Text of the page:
Thoughts on Digital Data

December 14, 2010

Talk of the Society
James Crowley

Tsunamis of data, data-intensive computing, data-enabled and data-intensive science. These and related terms were heard often at the fall meeting of the SIAM Committee on Science Policy, November 10 and 11, where distinguished guests from federal funding agencies---the Department of Energy's Office of Science, the National Science Foundation, the National Institute of Standards and Technology, and the National Institutes of Health---spoke about their priorities and programs. The meeting marked Sastry Pantula's first visit to the CSP as director of NSF's Division of Mathematical Sciences.

Data-enabled science was seen as part of a larger picture that also involves computing. We are likely to hear much more about computational and data-enabled sciences over the next several years from organizations like NSF, as well as from the Office of Science and Technology Policy, the office of the President's science adviser. Indeed, one of the last actions of former NSF director Arden Bement was to take initial steps that could lead to the creation of a program in this area.

The Sloan Digital Sky Survey generated 40 terabytes of data during a period of about ten years. The Large Synoptic Survey Telescope will generate similar amounts per night. Another example of a physical experiment that generates enormous amounts of data is the Large Hadron Collider. Mining such data and analyzing it for understanding are major scientific challenges.

The exascale computing systems now on the horizon also make data an issue. This is so not only because current and future supercomputers make it possible to generate enormous amounts of data in the form of output from simulations; data also becomes an issue in the sense that as processing costs decrease, it's the cost of moving data that drives computing. Computational methods must take data into account, replacing the longstanding emphasis on floating-point operations. And these changes may lead to new methods and algorithms on the very-large-scale machines of the future.

Data arose in the CSP discussions in another thought-provoking manner. NSF has issued new rules stipulating that every grant proposal must include a plan for managing data. While there are no requirements on preserving and sharing data at this time, the intent is clearly to move in that direction. And because data management is a reviewable part of proposals, the new rules will put pressure on proposers to begin to think about data issues.

The requirement for a data management plan stems from a 2009 interagency report, Harnessing the Power of Digital Data for Science and Society. The NSF rules are a first step toward possible stronger requirements in the future. Lest readers think that the mathematical and computational sciences aren't affected by this development, consider the fact that many in our community generate a lot of data from computer simulations. Such data, if it is a key part of the research, and the code that generates it are covered by the new guidelines for data management. And so anyone who does scientific computing is clearly affected, whether the goal is scientific discovery or the development of new computing methods and algorithms.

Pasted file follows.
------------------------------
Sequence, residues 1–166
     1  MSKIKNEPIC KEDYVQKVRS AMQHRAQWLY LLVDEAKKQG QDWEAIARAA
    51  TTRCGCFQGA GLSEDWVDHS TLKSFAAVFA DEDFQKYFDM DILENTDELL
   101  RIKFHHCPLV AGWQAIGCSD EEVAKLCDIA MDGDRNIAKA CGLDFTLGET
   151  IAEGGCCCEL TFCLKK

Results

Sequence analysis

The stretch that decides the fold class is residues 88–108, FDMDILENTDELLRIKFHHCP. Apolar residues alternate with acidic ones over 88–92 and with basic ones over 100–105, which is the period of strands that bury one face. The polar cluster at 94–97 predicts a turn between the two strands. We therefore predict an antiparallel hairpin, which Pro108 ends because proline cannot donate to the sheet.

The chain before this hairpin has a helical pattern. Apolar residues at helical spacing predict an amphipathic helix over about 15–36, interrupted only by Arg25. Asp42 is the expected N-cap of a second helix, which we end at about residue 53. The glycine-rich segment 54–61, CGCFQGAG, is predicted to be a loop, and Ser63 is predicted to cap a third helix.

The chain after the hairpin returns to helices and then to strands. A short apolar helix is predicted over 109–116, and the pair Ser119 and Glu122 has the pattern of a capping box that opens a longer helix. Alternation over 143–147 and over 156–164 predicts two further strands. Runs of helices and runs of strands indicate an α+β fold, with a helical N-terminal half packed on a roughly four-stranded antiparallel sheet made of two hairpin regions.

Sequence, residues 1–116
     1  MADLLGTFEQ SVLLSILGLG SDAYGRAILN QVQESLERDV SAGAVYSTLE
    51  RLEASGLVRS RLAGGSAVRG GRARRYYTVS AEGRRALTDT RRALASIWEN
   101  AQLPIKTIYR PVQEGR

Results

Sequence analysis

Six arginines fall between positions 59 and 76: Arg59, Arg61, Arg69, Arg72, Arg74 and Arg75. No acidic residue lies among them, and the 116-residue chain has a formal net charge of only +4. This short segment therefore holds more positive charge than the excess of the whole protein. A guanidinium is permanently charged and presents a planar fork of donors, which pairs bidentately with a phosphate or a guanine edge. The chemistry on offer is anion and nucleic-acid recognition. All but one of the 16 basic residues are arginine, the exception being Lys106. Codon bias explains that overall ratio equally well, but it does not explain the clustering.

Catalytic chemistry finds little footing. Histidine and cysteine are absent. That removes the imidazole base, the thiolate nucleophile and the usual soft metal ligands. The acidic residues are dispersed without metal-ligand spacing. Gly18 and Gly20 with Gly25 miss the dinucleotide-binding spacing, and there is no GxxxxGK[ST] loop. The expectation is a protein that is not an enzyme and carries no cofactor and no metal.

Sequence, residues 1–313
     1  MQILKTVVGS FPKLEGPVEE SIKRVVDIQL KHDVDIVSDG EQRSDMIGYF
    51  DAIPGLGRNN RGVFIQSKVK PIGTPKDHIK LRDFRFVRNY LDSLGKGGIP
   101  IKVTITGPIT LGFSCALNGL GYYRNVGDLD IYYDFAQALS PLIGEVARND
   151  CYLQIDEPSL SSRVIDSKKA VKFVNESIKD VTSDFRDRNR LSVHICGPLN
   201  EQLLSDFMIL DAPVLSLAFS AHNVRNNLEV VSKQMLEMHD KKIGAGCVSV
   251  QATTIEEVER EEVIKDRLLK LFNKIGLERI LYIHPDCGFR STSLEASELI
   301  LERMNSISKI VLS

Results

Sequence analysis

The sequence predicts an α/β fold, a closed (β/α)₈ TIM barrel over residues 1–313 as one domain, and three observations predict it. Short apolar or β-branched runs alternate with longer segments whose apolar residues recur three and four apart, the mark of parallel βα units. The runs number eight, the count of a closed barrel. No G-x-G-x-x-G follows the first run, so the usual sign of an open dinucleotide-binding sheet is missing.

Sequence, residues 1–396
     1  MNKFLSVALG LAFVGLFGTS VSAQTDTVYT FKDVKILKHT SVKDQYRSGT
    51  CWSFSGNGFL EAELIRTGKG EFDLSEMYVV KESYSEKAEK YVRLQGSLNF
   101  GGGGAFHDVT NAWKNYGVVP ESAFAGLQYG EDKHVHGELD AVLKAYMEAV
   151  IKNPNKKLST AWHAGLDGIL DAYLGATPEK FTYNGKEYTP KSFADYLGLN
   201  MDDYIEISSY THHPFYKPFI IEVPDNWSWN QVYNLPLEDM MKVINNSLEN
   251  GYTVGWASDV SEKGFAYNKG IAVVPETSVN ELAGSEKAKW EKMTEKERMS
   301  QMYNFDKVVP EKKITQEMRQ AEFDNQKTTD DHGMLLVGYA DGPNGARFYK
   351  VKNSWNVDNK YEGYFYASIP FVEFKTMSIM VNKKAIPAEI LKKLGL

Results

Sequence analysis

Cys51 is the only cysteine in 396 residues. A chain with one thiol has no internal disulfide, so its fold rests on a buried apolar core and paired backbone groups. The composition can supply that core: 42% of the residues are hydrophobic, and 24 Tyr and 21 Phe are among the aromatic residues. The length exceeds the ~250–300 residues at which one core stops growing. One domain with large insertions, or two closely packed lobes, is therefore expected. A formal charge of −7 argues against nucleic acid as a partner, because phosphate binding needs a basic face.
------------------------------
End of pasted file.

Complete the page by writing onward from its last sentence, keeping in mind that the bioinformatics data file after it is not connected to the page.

Closely related to this is a SIAM project now under way regarding supplemental materials for journal papers. Supplemental materials include video output from computer simulations, computer code, data, and other forms of information that typically do not appear within refereed papers themselves. The SIAM Journals Committee, led by Randy LeVeque, is tackling the task of devising mechanisms for the sharing of such materials.

Part of the motivation, as described in the report on digital data mentioned earlier, is to make available to other researchers additional information that will help advance the science. Another motivating factor, one especially espoused by Randy LeVeque, is to ensure that results are reproducible. As we demonstrate a new computational method, describe the algorithm, and present sample outputs in tables, it is sometimes difficult to verify and reproduce the results in a way that might be possible with a physical experiment. Hence our interest in giving authors the ability to add supplemental materials, like the output of the simulations and the code that generated it, in repositories associated with their papers. Such supplemental materials would be neither required nor refereed, but they might enhance the ability to test and reproduce the results obtained in the papers.

SIAM has experimented with supplemental material for several years, with SIAM Journal on Applied Dynamical Systems taking the lead. SIADS encourages authors to submit multimedia material (images, video, and so on) when it enhances the understanding of the papers. The associated website DSWeb, which is not peer-reviewed, has a section for the storage and sharing of code used in SIADS papers.

The SIAM Journals Committee continues to discuss this issue and will present its findings to the SIAM Board of Trustees at some time in the future. Readers with ideas on the topic are encouraged to contact Randy LeVeque or me.

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A note on valuable multimedia material of another kind: Readers interested in revisiting, or perhaps experiencing for the first time, some of the excellent talks given at SIAM Annual Meetings (and a few conferences) are reminded that videotaped versions of selected talks are available on our website. Go to siam.org, select "Conferences," and then "Invited and Prize Lectures." And let us know what you think!


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